The U.S. is also lax when it comes to minimizing the environmental impacts of industrial farms, said Jonathan Lovvorn, chief counsel of the Humane Society of the United States and a lecturer at Harvard Law School. Only farms that reach a certain size are subject to the federal Clean Water Act, and they mostly escape oversight under the Clean Air Act.

While plenty of lawsuits have been filed against farms over air and water quality, they have largely been unsuccessful historically, Lovvorn said.

A few recent victories include a $473.5 million judgment against a subsidiary of Smithfield Foods last week. The company lost a federal nuisance lawsuit in which the neighbors of its three giant hog farms in North Carolina said they couldn’t stand the stench and flies from open pits of animal waste or the rumbling of company trucks that pick up hogs for slaughter in the middle of the night.   

Few suits have attempted to challenge these farms’ methane emissions and climate impacts.

“Agricultural emissions are completely unaddressed by federal statutes,” Lovvorn said. “It’s a ticking time bomb for the animal agricultural industry. Sooner or later they will be called into reckoning for the fact that they put a substantial amount of emissions into the atmosphere.”

Lovvorn says the ongoing lawsuits filed by cities in the U.S. against fossil fuel companies could also offer lessons for battling large agriculture companies’ climate footprint.

“My suspicion is people are watching the cities’ climate cases in the energy sector closely and likely thinking about to what extent any favorable rulings could provide a footing to do something about agricultural climate emissions,” he said.

As is the case in Germany, the agriculture industry holds a lot of political clout, making it difficult to pass regulations to change farming practices. That influence stems from an idealized view of farmers as wholesome, self-reliant owners of small plots, even though family-owned farms are disappearing and giving way to industrialized farms, Lovvorn said.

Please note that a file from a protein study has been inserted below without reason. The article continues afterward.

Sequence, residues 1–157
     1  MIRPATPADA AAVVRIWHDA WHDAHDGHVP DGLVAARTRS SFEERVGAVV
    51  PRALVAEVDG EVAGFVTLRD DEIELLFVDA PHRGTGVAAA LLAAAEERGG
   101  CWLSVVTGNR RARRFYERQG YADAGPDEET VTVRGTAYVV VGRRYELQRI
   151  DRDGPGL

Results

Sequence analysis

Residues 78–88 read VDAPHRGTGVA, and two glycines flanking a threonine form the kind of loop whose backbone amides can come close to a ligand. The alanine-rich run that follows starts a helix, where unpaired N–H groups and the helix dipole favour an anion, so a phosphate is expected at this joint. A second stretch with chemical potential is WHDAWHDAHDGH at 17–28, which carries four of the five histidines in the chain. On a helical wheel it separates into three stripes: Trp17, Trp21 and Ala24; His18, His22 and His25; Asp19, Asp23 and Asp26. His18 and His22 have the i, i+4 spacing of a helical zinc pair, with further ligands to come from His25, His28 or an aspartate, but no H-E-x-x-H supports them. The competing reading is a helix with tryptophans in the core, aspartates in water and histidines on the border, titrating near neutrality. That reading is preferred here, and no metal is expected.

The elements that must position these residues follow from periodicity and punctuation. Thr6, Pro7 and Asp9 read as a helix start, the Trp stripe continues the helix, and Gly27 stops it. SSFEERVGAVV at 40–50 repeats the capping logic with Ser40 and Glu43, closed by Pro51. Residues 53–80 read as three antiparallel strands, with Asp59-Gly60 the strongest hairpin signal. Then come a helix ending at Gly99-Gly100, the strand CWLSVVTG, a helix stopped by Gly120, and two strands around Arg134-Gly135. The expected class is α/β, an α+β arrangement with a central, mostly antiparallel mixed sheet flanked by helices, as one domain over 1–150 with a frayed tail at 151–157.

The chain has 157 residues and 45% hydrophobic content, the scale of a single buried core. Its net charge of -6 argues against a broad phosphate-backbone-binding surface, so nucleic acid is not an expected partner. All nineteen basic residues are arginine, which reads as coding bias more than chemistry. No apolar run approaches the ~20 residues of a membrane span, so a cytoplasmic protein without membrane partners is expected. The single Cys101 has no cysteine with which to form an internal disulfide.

California, the largest dairy-producing state in the country, was the first state to create programs to cut methane emissions from farms, part of its larger effort to address climate change. Last year, New York announced a methane reduction plan that require state agencies to evaluate and develop programs to cut methane in agriculture.

California’s program provides money to buy digesters that convert methane into biogas. It also supports a smaller program that finances better manure management practices at industrial farms, from changing how manure is collected and processed to taking animals out of confinement and letting them roam in a pasture.

These two programs are voluntary because the state won’t start regulating methane emissions from dairy and other livestock farms until 2024. The state aims to reduce methane emissions by 40 percent below 2013 levels by 2030.

The larger focus on promoting digesters has its critics. Tara Ritter, senior program associate for climate and rural communities at the Institute for Minnesota-based Agricultural Trade and Policy, said the effort would still allow factory farms to operate and doesn’t adequately address the water and air quality problems that come from raising so many animals in a confined space.

“California is trying to be a leader on climate change, yet it just slaps a lot of digesters on farms,” Ritter said.